What should health care providers be doing in anticipation of the likely passage of an historic health reform bill?
There are at least three possibilities: (1) Lament the passing of the good old days and oppose it; (2) Insist that it isn’t good enough because it is lacking some key provision (tort reform; SGR replacement; robust public option); or (3) Embrace it, because incrementalism works, and prepare for what’s coming down the pike.
As you may guess, I would recommend taking the third approach, which requires focused preparation for the road that lies ahead. So, what is a provider to do?
In the future, there will be pilots, demonstrations and mainstream programs trying to do more with less: providing health insurance and health care services to more people, with effectively fewer dollars per capita. Payors — be they public sector or private sector — will therefore be squeezing providers. The House and Senate versions of the health reform bill are equally clear on this point.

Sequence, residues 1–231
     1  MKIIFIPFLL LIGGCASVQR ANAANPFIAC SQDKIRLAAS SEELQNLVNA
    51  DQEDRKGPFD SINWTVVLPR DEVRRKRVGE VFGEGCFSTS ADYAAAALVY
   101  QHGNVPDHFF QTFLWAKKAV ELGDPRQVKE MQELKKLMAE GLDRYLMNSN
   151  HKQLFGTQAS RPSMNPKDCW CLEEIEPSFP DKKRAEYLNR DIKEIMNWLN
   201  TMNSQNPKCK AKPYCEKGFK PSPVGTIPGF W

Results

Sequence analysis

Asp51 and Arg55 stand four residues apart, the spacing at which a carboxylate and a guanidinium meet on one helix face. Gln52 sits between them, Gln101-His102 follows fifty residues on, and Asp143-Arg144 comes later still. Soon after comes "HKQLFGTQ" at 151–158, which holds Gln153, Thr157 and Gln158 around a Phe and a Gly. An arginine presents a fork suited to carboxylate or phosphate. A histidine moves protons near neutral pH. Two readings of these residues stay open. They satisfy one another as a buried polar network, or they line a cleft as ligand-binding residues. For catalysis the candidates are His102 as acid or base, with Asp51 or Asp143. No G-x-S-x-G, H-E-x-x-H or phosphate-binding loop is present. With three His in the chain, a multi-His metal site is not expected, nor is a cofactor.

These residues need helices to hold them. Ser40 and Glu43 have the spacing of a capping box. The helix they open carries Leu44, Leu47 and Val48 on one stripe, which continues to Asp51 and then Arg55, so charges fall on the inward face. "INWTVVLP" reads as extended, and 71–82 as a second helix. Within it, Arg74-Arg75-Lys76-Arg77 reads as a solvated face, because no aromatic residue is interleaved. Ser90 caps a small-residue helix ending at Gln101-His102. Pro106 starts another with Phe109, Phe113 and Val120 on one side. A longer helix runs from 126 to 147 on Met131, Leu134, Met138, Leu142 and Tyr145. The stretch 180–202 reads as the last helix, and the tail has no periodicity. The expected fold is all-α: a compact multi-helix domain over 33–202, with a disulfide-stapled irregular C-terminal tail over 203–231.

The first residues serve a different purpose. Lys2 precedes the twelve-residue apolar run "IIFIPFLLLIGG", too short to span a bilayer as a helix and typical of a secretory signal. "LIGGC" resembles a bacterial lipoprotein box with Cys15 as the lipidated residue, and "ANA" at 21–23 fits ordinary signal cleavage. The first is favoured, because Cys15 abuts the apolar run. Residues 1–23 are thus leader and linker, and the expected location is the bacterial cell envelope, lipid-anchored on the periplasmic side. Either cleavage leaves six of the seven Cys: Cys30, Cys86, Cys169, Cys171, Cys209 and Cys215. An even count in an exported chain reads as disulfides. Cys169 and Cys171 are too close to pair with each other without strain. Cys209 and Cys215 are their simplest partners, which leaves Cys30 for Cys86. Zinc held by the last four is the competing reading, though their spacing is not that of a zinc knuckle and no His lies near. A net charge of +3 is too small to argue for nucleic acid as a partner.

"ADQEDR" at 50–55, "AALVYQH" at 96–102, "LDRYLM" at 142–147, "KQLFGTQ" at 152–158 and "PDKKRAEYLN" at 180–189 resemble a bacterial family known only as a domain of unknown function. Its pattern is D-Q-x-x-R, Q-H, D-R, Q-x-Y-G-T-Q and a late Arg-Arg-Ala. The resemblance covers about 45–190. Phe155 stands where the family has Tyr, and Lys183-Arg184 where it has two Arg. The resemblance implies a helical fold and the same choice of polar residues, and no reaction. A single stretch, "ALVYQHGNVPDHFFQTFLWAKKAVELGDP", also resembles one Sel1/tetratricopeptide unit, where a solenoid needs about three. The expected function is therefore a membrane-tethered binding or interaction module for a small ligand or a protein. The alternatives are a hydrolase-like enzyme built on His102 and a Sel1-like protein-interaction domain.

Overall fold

Providers therefore need to be proactive in preparing themselves to provide high-quality health care services at competitive rates.Instead of simply resigning themselves to negotiating percentage discounts off of current rates of payment, all providers need to be prepared to negotiate global payments, pay for performance deals, quality incentives and more — as some forward-thinking provider organizations have been doing for some years now.
In order to be able to negotiate these terms effectively, providers must have a good handle on their own cost structure, and must begin to work at developing broader alliances of providers so as to be better positioned for negotiations with public and private payors.
In my years of experience in working with health care providers at that moment — the point in time when folks with otherwise disparate interests realize the tremendous value of working together effectively in order to simultaneously promote better clinical outcomes for patients and better financial outcomes for providers — I am always heartened by the epiphanies of the providers who realize that a new approach, or a new structure, can take them beyond their historical, positional, sometimes defensive attitudes, and into a future that they are able to shape and help define.
I look forward to working with more providers and provider organizations at this critical juncture so that they can be prepared for the future that will soon be upon us, and so that they can have a hand in crafting that future.
David Harlow is a health care lawyer and consultant who blogs at HealthBlawg.
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